It was a cast of characters that visited. I'd listen to them all tell their stories, catch up on business, plan out the hay season, share a beer... or two... or three, or pile in for some dinner. People spent a lot of time visiting. I can still see their faces, the lot of them. It was a community hang out. Always someone visiting.
The porch on the house off the driveway acted much like an amphitheater to it all. Especially to the sounds of the wind... and the giant swaying pines that lined the driveway. It was always breezy there... or so I remember. An old farmhouse, a large barn... sheds... tractors... cows... and the smells. Smells from the kitchen always swirled around.... roasts, biscuits, bread, cookies. They swirled in with... flowering crab and pine trees, flowers, cut grass, hay, cows...
A haven to a cast of characters... all of us.
The porch back then had a few rocking chairs on it. Deep ones, a few with a graceful lean backward. The kind that catch you. I used to rock back then... to find shade, have something cool to drink... to prepare for the next adventure. Over time... it became more of a habit. I'd let my mind wander. In the shade. In the breeze. I'd dream. It was a habit I learned from my Grandmother as I think of it. Ihave visions of her... sitting... and soaking it in... and slowing down.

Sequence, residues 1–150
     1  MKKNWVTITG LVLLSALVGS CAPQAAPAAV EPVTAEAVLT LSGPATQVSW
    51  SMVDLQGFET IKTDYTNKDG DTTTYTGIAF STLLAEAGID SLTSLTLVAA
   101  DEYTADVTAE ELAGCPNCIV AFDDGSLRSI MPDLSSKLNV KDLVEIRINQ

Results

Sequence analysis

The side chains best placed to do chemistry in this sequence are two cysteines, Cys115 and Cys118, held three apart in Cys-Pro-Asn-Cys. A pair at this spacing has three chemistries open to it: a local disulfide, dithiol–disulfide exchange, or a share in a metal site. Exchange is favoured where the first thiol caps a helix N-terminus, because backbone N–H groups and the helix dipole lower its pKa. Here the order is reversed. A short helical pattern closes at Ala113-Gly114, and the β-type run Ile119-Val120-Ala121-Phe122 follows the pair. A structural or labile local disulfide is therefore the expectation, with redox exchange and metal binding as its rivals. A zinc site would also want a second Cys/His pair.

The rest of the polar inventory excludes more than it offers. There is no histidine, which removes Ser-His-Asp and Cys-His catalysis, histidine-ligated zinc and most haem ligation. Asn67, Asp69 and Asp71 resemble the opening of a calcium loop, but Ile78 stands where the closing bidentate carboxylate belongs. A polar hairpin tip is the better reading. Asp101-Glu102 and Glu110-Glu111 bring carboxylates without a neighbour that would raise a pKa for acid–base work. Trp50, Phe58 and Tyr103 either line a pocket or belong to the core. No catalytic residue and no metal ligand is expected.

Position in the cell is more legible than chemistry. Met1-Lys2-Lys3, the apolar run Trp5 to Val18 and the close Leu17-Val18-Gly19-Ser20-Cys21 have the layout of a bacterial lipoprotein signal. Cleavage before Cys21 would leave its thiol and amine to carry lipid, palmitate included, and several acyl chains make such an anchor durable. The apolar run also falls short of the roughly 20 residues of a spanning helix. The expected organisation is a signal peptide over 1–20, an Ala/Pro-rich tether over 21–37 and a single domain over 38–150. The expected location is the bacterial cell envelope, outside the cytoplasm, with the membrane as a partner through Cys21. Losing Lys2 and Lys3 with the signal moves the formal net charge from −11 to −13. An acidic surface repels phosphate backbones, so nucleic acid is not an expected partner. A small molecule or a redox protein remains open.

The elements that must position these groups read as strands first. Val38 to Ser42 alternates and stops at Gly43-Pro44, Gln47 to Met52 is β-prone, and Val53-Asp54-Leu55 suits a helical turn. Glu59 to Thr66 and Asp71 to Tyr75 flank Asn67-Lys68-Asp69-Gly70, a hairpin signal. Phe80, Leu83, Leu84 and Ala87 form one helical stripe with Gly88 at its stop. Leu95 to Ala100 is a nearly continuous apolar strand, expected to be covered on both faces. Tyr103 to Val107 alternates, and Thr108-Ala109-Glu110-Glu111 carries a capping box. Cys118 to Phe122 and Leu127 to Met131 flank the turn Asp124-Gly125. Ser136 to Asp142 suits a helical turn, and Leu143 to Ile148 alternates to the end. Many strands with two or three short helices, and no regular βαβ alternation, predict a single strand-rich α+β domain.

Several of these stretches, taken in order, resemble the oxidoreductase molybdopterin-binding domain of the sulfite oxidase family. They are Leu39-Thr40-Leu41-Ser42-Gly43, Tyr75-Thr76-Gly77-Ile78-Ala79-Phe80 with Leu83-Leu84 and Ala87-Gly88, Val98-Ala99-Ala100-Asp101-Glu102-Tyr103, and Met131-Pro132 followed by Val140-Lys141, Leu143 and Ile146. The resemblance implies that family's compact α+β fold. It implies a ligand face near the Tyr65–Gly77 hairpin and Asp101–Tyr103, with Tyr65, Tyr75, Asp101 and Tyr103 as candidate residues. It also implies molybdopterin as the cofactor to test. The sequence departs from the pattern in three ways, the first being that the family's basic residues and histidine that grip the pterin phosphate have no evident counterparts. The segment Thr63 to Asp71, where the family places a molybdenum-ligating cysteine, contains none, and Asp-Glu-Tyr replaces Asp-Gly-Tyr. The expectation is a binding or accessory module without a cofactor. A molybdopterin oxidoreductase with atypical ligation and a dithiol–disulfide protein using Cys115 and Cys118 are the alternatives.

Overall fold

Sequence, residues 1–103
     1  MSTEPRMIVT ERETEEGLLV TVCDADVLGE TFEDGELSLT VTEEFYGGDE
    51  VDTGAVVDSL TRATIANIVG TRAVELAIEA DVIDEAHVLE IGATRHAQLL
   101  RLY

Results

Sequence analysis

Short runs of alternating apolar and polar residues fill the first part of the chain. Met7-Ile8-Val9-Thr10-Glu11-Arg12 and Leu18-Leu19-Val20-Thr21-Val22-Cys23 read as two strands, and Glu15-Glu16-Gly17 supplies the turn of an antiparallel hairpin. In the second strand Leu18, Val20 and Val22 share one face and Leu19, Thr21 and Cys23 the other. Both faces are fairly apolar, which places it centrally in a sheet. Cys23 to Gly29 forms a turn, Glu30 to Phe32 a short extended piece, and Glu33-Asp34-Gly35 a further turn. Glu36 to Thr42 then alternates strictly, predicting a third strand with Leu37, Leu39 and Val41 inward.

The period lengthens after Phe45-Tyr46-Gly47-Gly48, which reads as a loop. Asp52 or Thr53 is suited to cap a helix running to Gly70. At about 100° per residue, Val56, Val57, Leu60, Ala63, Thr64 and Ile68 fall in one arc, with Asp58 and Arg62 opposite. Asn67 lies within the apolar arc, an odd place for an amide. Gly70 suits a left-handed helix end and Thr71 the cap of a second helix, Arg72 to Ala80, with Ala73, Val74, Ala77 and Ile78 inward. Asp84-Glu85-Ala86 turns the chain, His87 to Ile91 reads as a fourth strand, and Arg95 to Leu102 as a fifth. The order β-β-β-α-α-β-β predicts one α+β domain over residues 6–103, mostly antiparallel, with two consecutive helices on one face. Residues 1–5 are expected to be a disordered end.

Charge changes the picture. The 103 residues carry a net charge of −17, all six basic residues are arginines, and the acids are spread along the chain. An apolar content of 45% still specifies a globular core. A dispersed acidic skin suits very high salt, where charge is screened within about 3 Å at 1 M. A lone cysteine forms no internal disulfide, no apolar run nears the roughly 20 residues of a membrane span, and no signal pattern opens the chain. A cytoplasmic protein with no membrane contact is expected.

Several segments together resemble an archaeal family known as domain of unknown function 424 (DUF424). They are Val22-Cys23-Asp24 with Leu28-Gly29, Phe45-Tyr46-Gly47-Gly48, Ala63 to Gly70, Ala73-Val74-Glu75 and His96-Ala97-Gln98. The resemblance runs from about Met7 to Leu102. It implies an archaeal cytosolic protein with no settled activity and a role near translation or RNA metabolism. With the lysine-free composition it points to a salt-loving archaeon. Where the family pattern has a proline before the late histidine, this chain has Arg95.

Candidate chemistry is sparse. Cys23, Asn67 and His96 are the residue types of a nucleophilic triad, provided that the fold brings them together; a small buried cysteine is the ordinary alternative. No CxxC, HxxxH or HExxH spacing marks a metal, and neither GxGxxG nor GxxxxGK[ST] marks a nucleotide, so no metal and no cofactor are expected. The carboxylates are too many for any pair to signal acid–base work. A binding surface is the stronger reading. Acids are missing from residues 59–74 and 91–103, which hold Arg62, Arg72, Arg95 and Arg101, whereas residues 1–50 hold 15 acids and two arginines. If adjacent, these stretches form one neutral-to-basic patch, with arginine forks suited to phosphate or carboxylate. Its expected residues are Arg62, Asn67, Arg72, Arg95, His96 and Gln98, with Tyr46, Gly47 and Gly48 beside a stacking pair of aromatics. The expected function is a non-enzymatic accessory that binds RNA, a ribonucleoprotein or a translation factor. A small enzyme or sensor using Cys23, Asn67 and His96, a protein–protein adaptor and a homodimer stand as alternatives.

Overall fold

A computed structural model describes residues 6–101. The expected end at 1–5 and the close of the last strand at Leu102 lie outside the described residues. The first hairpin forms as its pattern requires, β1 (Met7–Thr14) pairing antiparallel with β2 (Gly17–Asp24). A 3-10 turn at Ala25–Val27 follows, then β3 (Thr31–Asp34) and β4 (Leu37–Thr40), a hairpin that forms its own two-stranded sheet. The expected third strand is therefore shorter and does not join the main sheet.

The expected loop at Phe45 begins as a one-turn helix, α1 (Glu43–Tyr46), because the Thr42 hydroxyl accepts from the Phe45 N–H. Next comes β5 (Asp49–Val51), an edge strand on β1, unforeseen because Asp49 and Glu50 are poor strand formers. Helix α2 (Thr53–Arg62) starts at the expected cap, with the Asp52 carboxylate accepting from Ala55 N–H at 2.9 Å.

It can be a struggle to slow down your mind these days. We move from one thing to another. A relentless sort of pace. Another bill to pay, another meeting, another project. Prepare for tomorrow. Washing. Cleaning. Shopping.
Today though... was different.
It's raining today... all day, a steady rain. I've always loved sitting under a porch, in a rocking chair, especially when it rains. And slow down my mind... ever since I was a kid.
And I breathe deep.
And I slowly rock to and fro.
We have a lot of flowers about. Flowering crab trees.
My mind wanders from place to place.
Baseball. Getting ready for playoffs. Lots to tune up.
A great article to read. Or two. Or three.
End of the school year rush. Usually the time of year when folks want to schedule meetings urgently before the end of the year. Some get frantic. Some stressed. Lots of emotion. Then come the cool parts of shoring up the years work, the chats with folks on the cusp of graduation from high school, and with those who are returning from college to check in. Catching up with people, hearing how their time here helped them... is endlessly rejuvenating to me and I'm grateful for the stories they share.
Birds flying here and there.
And all the sounds the rain brings. An acoustic, soothing marvel.
My grandparents house... I can picture it vividly. White with green shutters. The clothes line. When the wind would rise up... the trees would sway, almost like strings being played...
The sheets always had a fresh smell to them... from being hung out...
I'd sit on the porch...
and I'd rock.
and I'd listen.
and my mind wander where it needed to go.
And I'd dream.
And I'd slow down.
And watch it rain.
And I'd go traveling... right there in that rocking chair.
Just like I did today.
- Posted using BlogPress from my iPad... on the porch